You're back?! Well... Welcome to episode two of the Rapid Sequence Interrogation (RSI) Podcast, and thanks for tuning in once again. If you are unaware, Mike Brown and I (Jared Patterson) are FOAMfrat educators looking to answer any of your EMS questions in a "rapid-fire" way. We take 3-5 of your questions and spend no more than 5 minutes answering them. We keep it short, just like the EMS attention span. Nothing is off-limits! Well, mostly. 

 

In this episode, Mike and I discuss five questions mixing some clinical topics and opinion pieces. We cover paralytic use in intubation/RSI, how to better engage medical director and drive protocol advancement, tagging bags, pre-oxygenation, and making your cot with "tight straps."

 

If you have a topic or question you would like addressed, contact us at This email address is being protected from spambots. You need JavaScript enabled to view it.. You can always message FOAMfrat on Facebook with your questions as well. 

 

Episode Questions:

1. I'm scared I may not get the airway/tube, so I only sedated my patient. Why would I paralyze them?

  • Everything regarding RSI is about setting yourself up for success. Utilizing a paralytic during the RSI or intubation procedure is no exception. You give a paralytic during the RSI/intubation procedure to increase your likelihood of success. 
  • If your patient has a pulse and you plan to RSI or intubate, PARALYZE THEM!
  • Paralytics reduce the likelihood of unwarranted events such as gagging, vomiting, patient movement, and biting down on equipment in the patient's mouth. Also, the pure relaxation and loss of muscle tone will create an environment for better intubation conditions, leading to a better glottic view.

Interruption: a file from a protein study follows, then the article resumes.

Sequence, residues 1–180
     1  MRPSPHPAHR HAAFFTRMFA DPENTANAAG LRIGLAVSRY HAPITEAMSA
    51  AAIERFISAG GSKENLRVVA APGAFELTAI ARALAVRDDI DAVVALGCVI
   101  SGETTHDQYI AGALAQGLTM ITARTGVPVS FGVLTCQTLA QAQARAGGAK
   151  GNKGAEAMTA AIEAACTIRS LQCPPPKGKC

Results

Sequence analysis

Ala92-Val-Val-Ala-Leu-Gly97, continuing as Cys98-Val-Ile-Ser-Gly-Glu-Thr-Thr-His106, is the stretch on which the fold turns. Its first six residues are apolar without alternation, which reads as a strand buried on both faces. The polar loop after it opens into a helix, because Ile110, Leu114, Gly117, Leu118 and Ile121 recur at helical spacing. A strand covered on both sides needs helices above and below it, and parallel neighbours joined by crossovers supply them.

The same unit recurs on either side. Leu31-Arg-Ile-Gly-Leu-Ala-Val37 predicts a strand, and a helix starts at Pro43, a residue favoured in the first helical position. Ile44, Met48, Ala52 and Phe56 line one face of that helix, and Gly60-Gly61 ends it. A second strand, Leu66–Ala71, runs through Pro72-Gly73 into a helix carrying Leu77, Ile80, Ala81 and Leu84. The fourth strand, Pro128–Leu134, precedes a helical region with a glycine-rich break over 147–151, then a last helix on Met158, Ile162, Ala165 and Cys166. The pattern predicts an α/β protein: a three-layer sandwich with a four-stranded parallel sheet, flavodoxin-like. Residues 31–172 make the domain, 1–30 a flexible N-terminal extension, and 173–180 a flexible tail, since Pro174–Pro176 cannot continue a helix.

2. How can you best engage medical directors and drive protocol advancement?

  • Approach your medical director with evidence and enthusiasm -- come prepared. 
  • Don't take it personally if you are shot down. A persistent approach while showing strong evidence will assist with protocol advancement. 
  • Evidence. Evidence. Evidence. Just because someone else is doing it, or because it's on a podcast, doesn't mean you should make the change. 

 

3. Why should I pre-oxygenate my patient? How should I do it?

  • You should pre-oxygenate your patient to replace the predominantly nitrogenous mixture of room air within the lung to allow for several minutes of safe apnea time before desaturation occurs during the RSI or intubation procedure. Pre-oxygenation buys us time to place our tube without any negative or adverse effects -- sometimes several minutes, to upward of 8-10 minutes of safe apnea time before desaturation below 90% 
  • Simply put, how you pre-oxygenate is to utilize 100% oxygen, or as close to it as possible. Then have the spontaneously breathing patient take either eight vitals capacity breaths or continue tidal volume breathing for 3 - 5 minutes. If the patient isn't sufficiently breathing, PPV with a BVM and PEEP valve should replace the tidal volume breathing. 

 

4. Should bags and compartments be tagged or not?

  • Both of your hosts are in the "NO" camp. How do you know the crew before you replaced all of the equipment before tagging? If you're not regularly checking the equipment within your rig, how do you remain proficient in the location of vital equipment? How do you know that equipment isn't broken?
  • Just DO YOUR RIG CHECKS!

 

5. Does it really mean anything if you tighten the straps on your cot when you make it?

  • Mike doesn't think it means a darn thing! But, he also believes that we should all take pride and ownership in our overall professional appearance. 
  • Jared would "press" his sheets if he could... REALLY?! A well-made cot represents an EMS professional who cares about the fine details, making its way into patient care. 
  • Tuck your shirt in, John Beck!

 

 

Thanks for listening, fam. 

 

 
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Podcast 103 - The EMS PA?
Podcast 102: No Agenda w/ Chris Meeks & Jay Nance

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